“The End of Trust” features writing by EFF’s team, including Executive Director Cindy Cohn, @maassive, Soraya Okuda, @doctorow, and board member @schneierblog, exploring issues related to surveillance, freedom of information, and encryption. eff.org/deeplinks/2018…
You’ll be able to read contributions from Pioneer Award winners @trevorpaglen and @culturejedi, as well as @biellacoleman, @snowden, @kmontenegro, @mykecole, @camfassett, @benwizner, @alvarombedoya, @dalitdiva, @rushkoff, and many more.
store.mcsweeneys.net/products/mcswe…
Read 5 tweets
Oct 1, 2018
A group of organizations, advocates, and academics—including @EFF—came together in February to create the Santa Clara Principles on Transparency and Accountability in Content Moderation. We're happy to announce that the Principles now have a permanent home:santaclaraprinciples.org
The Principles set a minimum standard for transparency and accountability for communications platforms, and should serve as a basis for more in-depth dialogue and activism going forward. santaclaraprinciples.org
The Principles ask that companies be transparent to the public and their users about content takedowns and account suspensions, and provide opportunity for timely, meaningful appeals to their users. santaclaraprinciples.org
Read 4 tweets
Sep 27, 2018
Anyone looking to make changes to how online platforms police speech should learn lessons from the failures of using copyright to do the same. Here are five major takeaways from the copyright wars: eff.org/deeplinks/2018…
1. Mistakes will be made. The law gives huge incentives to platforms to take things down after getting a complaint, leading people seeing their work disappear due to fraudulent takedown notices. Content moderation policies have and will make similar errors.eff.org/takedowns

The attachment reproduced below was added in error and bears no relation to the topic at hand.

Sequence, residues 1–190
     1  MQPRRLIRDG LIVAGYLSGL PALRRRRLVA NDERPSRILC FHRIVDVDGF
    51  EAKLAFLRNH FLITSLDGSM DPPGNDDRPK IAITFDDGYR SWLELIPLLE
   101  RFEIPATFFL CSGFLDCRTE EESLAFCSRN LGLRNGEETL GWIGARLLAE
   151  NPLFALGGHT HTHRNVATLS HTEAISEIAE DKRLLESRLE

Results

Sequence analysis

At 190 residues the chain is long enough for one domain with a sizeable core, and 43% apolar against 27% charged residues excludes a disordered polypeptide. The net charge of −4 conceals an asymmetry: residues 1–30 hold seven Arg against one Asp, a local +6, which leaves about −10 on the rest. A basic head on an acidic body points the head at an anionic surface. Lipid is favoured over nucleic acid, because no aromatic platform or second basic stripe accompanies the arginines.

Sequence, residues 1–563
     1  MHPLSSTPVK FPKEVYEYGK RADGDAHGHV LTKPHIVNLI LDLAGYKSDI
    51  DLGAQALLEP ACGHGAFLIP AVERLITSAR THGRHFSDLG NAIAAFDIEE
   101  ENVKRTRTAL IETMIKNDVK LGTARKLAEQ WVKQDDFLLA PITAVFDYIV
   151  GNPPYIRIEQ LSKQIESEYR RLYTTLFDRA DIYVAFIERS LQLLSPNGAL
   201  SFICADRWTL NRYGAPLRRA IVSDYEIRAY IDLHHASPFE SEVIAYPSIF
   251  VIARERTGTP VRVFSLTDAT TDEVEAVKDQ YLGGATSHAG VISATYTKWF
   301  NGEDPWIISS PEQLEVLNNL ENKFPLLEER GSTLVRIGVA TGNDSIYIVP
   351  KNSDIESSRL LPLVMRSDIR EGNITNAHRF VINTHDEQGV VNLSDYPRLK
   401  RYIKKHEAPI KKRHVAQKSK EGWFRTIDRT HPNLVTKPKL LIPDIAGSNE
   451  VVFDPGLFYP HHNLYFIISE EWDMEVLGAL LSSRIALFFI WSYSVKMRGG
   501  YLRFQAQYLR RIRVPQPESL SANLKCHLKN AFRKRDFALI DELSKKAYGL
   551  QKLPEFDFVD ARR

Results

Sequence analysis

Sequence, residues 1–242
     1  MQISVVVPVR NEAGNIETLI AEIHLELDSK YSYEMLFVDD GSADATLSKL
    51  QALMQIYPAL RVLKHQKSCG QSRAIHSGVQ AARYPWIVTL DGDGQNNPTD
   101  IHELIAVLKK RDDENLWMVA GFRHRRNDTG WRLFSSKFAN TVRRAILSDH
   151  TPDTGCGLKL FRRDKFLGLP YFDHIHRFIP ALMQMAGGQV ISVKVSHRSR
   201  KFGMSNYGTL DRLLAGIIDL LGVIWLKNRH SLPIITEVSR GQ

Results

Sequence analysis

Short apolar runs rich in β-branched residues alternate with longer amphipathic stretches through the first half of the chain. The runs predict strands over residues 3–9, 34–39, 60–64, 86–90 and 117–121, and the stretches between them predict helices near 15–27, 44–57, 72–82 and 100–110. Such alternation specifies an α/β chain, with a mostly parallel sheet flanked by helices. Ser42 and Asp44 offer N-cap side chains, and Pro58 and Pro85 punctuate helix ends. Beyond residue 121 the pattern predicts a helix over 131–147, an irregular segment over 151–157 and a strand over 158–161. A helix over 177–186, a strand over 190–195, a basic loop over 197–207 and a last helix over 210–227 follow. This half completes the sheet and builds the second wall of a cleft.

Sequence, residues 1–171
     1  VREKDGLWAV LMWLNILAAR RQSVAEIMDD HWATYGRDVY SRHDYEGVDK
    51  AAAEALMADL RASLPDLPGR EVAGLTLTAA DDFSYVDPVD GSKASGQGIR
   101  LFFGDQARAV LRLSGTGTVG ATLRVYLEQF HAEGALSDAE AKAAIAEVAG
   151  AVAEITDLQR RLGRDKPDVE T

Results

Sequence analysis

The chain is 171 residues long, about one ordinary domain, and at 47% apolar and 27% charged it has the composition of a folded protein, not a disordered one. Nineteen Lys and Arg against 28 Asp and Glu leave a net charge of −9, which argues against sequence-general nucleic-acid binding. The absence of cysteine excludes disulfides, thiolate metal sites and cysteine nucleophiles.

2. Robots are not the answer. We've seen the mess that automated filters like YouTube's cause.

No law should mandate the use of this kind of technology. eff.org/deeplinks/2018…
Read 6 tweets
Sep 26, 2018
On Monday, a federal court dismissed our lawsuit against the Justice Department to block enforcement of #FOSTA. (1/5) eff.org/deeplinks/2018…
The case was filed on behalf of two human rights organizations, a digital library, an activist for sex workers, and a certified massage therapist. The court did not reach the merits of any of the constitutional issues, but instead found the plaintiffs did not have standing. (2/5)
We’re disappointed & believe the decision is wrong. For example, the court failed to apply the standing principles that are usually applied in 1st Amendment cases in which the plaintiffs’ speech is chilled. The plaintiffs are considering their options for their next steps. (3/5)
Read 5 tweets
Sep 25, 2018
In 2014, we launched Onlinecensorship.org (@censored) to collect reports from users who had experienced content takedowns on social media, in an effort to encourage companies to operate with greater transparency and accountability as they make decisions that regulate speech.
Today, we're relaunching the site with a fresh new look! We're still collecting reports from users, but going forward, @censored will be home to more resources for users, journalists reporting on content moderation, and companies.
Our journalist toolkit offers insight into a set of diverse issues and is a one-stop resource for information related to content moderation policies: onlinecensorship.org/content/a-reso…
Read 5 tweets